• Israel’s big lie revealed: Deported asylum seekers in Uganda lament broken promises and a grim future

    Haaretz met with deported asylum seekers who were left with no papers or work permits; they can’t even enter refugee camps as they have no status. One option is to risk death and head for Europe
    By Uzi Dann (Kampala, Uganda) Mar 04, 2018

    KAMPALA, Uganda – It’s around noon in Uganda’s capital Kampala. The streets are bustling and traffic is heavy. Meles looks out of place, and he certainly feels it. “I don’t have a future here,” he tells Haaretz. “I have no hope, no job. My life is ruined.”
    He’s a relative newcomer here. He has been here for around two and a half months and says it’s just a matter of time until he’s on the road again. “I’m already 31 and prefer to try my luck elsewhere rather than live this way, God willing,” he says, pointing upward and not at the two crosses on his chest. “This time I’ll be lucky.”
    The last time he tried his luck nearly a decade ago he deserted his unlimited military service in the Eritrean army and started walking north. Ultimately he reached Israel, where he lived for more than seven and a half years, from the beginning of 2010 until last November. Then he was forced to “leave voluntarily.”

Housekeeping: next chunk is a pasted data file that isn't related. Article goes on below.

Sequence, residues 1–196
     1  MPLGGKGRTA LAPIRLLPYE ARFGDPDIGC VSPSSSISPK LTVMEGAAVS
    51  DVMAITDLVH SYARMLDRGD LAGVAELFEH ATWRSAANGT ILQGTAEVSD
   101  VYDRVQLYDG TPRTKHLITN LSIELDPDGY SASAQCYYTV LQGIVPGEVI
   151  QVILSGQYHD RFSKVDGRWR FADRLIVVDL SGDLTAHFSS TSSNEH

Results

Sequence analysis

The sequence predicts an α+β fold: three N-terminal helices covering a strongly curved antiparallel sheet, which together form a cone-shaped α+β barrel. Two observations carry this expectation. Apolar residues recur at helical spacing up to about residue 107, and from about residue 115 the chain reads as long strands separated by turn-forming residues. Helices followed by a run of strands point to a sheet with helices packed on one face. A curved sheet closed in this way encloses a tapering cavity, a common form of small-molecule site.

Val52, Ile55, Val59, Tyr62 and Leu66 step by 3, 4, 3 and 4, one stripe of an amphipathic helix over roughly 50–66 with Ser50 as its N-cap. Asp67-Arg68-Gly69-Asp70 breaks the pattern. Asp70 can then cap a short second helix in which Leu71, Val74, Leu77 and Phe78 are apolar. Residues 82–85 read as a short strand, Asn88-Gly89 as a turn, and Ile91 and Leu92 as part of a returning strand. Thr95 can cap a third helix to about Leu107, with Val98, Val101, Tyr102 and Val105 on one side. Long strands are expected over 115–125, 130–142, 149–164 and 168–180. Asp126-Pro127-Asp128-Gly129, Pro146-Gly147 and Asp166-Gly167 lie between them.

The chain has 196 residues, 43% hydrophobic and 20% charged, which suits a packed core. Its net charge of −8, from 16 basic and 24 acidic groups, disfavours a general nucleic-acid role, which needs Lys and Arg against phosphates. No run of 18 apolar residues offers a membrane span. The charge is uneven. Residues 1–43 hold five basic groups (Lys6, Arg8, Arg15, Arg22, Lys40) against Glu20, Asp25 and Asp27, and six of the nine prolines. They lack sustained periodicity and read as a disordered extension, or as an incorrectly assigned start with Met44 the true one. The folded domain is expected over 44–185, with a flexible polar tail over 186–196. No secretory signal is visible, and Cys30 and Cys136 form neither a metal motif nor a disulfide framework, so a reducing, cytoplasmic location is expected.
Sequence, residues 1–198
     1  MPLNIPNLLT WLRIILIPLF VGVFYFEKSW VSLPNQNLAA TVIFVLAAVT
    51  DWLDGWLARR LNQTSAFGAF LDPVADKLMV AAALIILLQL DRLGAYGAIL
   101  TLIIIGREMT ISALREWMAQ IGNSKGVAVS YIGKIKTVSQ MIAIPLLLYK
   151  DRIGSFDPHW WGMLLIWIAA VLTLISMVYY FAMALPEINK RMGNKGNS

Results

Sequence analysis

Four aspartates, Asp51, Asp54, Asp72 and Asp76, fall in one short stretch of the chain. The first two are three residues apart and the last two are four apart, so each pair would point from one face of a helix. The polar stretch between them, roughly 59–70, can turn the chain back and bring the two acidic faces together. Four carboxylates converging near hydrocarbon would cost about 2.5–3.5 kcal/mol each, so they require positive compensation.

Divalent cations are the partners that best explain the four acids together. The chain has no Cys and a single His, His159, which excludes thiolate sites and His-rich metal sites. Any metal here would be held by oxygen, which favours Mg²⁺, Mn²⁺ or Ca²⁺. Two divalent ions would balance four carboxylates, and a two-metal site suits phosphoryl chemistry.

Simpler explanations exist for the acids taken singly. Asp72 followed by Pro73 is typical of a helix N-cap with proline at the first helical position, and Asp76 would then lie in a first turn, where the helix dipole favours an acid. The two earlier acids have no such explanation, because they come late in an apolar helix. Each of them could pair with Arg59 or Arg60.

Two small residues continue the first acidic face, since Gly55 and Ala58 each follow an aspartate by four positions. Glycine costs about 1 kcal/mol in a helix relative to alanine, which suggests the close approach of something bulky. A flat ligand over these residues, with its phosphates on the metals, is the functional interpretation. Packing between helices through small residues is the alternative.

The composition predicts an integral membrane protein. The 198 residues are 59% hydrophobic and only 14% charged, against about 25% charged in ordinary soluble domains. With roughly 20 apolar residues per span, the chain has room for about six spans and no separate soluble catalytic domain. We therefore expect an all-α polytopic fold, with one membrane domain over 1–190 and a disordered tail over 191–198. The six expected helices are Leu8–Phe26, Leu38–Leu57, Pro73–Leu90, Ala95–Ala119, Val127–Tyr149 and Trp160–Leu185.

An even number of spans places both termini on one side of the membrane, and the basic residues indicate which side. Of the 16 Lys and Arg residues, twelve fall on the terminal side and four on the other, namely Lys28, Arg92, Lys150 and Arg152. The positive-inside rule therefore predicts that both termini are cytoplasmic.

In addition to the threat of prison if he didn’t leave, there was the $3,500 that Israel gave and the laissez-passer document, ensuring him legal status in a third country and the right to work. There were also verbal assurances that things would be all right – that he’d be able to make a living and integrate into his new country.
    Soon after Meles landed at Uganda’s Entebbe Airport, he discovered there wasn’t much substance to the assurances, not even a way to contact the government clerk who sent him there. And regarding the documents, someone in Uganda was there to take them away from him as soon as he landed.
    Haaretz on the ground in Uganda - דלג

    Haaretz has heard this story repeatedly from former asylum seekers in Israel who went to Rwanda (and from there took a circuitous path to neighboring Uganda), and from those whose airplane ticket took them straight to Entebbe. Haaretz met with more than 15 of them in Kampala and spoke with several others by phone. No Israeli official contacted them once they had left Israel, or took any interest in them once they had reached Africa.
    Meles has no documents and no job, and has no status in Uganda letting him work. He has spent some of the $3,500, and it looks like the rest will be gone soon. He regrets that he didn’t opt for the Holot detention center in the south.

    Meles in Kampala. Uzi Dan
    “It would be better to be in jail in Israel, where at least I would get food,” he says, adding that he advises asylum seekers still in Israel not to accept the offer of passage to a third country.